Chief negotiators from 12 countries involved in the Trans-Pacific Partnership initiative resumed negotiations in Washington after their leaders reaffirmed last month they will conclude an agreement as soon as possible.

The six-day working-level meeting started Sunday. This round follows a summit held Nov. 10 in Beijing, where U.S. President Barack Obama, Prime Minister Shinzo Abe and the 10 other leaders instructed officials and ministers to make concluding the free-trade deal "a top priority."

The United States, which leads the free-trade scheme, seeks to reach a broad agreement early in the new year before it enters campaign mode toward the presidential election in 2016, according to negotiation sources. However, the outlook is uncertain.

Koji Tsuruoka, Japan's top negotiator, told reporters last Thursday that many hurdles remain, suggesting it will be difficult to quickly bring the talks to the ministerial level.

"I don't think we will soon be in a situation where we are seeking political decisions" by ministers to solve difficult issues after the current chief negotiators' gathering ends, Tsuruoka said before departing for Washington.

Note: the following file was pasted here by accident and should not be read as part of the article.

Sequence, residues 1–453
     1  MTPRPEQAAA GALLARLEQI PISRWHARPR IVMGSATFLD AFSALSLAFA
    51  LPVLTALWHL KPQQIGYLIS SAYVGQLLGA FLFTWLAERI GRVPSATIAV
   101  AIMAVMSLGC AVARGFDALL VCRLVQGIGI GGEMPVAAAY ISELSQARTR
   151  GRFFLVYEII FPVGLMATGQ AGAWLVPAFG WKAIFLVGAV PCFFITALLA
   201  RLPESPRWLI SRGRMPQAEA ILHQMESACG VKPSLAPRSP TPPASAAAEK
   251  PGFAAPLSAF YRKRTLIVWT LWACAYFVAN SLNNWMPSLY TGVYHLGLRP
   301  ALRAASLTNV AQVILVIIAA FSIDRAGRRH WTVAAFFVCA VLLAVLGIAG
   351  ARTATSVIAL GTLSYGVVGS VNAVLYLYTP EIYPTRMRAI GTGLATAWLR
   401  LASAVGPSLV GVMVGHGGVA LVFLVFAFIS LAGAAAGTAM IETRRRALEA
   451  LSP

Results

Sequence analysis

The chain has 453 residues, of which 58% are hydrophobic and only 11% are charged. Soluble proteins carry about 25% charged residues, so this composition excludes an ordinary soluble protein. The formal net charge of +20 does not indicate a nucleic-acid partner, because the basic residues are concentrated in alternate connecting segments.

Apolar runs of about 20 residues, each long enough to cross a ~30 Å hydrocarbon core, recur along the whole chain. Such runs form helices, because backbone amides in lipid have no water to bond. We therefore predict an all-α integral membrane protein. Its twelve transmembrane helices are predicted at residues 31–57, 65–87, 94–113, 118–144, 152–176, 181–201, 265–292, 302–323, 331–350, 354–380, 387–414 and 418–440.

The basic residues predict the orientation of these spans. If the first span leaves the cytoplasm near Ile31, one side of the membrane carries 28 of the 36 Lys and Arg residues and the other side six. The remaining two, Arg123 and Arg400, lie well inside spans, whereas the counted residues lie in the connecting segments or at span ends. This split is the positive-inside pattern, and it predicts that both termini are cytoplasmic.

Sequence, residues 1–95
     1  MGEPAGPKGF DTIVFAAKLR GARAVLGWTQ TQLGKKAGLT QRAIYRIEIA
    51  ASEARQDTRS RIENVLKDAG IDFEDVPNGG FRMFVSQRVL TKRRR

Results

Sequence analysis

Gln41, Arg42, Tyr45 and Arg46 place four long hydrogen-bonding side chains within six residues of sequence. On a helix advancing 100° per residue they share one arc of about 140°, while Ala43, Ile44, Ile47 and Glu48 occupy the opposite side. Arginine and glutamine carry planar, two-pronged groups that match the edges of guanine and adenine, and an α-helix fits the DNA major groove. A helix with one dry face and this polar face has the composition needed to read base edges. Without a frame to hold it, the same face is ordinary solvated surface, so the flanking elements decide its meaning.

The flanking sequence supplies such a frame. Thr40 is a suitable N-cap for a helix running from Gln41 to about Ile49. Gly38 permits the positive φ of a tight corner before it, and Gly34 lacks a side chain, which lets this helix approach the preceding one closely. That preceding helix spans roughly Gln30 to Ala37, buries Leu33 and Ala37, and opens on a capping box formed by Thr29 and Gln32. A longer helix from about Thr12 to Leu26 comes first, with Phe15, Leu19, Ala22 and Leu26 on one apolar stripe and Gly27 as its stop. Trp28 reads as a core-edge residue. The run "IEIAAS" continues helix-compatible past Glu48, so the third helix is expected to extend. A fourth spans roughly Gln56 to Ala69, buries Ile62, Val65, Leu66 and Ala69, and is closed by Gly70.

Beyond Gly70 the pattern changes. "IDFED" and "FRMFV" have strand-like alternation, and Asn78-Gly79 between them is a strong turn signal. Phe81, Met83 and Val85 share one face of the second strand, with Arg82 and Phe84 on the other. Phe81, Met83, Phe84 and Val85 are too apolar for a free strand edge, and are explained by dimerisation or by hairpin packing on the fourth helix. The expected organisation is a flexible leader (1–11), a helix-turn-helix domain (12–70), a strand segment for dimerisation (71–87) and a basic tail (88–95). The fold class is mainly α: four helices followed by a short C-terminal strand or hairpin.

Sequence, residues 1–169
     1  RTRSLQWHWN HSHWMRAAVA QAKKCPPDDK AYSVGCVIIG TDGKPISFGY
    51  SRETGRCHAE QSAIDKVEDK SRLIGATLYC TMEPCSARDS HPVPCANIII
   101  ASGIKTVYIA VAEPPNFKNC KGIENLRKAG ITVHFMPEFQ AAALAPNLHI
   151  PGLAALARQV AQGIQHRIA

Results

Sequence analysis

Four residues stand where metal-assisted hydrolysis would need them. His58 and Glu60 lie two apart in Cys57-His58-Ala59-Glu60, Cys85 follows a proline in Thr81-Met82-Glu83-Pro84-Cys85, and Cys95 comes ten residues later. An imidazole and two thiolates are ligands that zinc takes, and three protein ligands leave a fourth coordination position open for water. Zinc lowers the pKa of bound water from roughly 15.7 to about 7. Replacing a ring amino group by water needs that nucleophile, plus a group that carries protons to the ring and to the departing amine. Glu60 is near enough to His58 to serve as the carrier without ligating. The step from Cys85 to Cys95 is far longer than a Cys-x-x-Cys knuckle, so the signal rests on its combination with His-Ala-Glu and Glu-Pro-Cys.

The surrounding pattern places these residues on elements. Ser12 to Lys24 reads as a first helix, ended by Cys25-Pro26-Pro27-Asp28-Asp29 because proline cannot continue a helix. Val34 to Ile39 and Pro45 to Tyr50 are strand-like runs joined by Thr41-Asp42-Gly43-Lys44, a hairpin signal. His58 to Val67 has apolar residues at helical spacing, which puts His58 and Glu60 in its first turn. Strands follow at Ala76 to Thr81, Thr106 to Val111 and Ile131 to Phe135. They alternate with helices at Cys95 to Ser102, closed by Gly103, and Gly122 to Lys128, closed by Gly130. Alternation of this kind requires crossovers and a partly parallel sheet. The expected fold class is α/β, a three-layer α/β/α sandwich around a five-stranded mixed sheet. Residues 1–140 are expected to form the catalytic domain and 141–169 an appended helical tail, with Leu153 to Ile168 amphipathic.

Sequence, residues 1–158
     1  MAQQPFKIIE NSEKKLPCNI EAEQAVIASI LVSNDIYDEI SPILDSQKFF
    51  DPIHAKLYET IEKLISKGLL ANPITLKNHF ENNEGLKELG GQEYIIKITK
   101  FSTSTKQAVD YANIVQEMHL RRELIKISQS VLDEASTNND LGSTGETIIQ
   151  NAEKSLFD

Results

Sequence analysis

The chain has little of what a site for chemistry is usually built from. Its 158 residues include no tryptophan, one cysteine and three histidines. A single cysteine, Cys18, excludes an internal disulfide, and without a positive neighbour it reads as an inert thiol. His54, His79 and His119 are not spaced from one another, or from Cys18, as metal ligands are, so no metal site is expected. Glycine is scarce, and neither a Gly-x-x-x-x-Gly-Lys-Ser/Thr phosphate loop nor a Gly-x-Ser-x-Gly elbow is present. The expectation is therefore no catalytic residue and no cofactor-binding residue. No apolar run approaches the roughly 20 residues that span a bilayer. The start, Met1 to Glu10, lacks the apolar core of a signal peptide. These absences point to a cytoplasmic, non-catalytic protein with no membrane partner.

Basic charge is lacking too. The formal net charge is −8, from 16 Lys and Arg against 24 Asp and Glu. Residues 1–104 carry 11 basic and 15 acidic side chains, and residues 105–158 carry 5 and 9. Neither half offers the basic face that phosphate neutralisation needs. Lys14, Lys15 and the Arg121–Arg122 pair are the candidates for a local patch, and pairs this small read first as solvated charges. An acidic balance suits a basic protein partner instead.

The TPP countries are expected to discuss outstanding issues such as intellectual property and reform of state-owned firms to establish fair business competition — areas where developed and emerging economies have been at odds.

At the Nov. 10 TPP summit, the first since October last year, the leaders said the end of their nearly 5-year-old talks is "coming into focus," but in a joint statement they didn't mention a specific timeline for cutting a deal.

The TPP involves Australia, Brunei, Canada, Chile, Japan, Malaysia, Mexico, New Zealand, Peru, Singapore, the United States and Vietnam.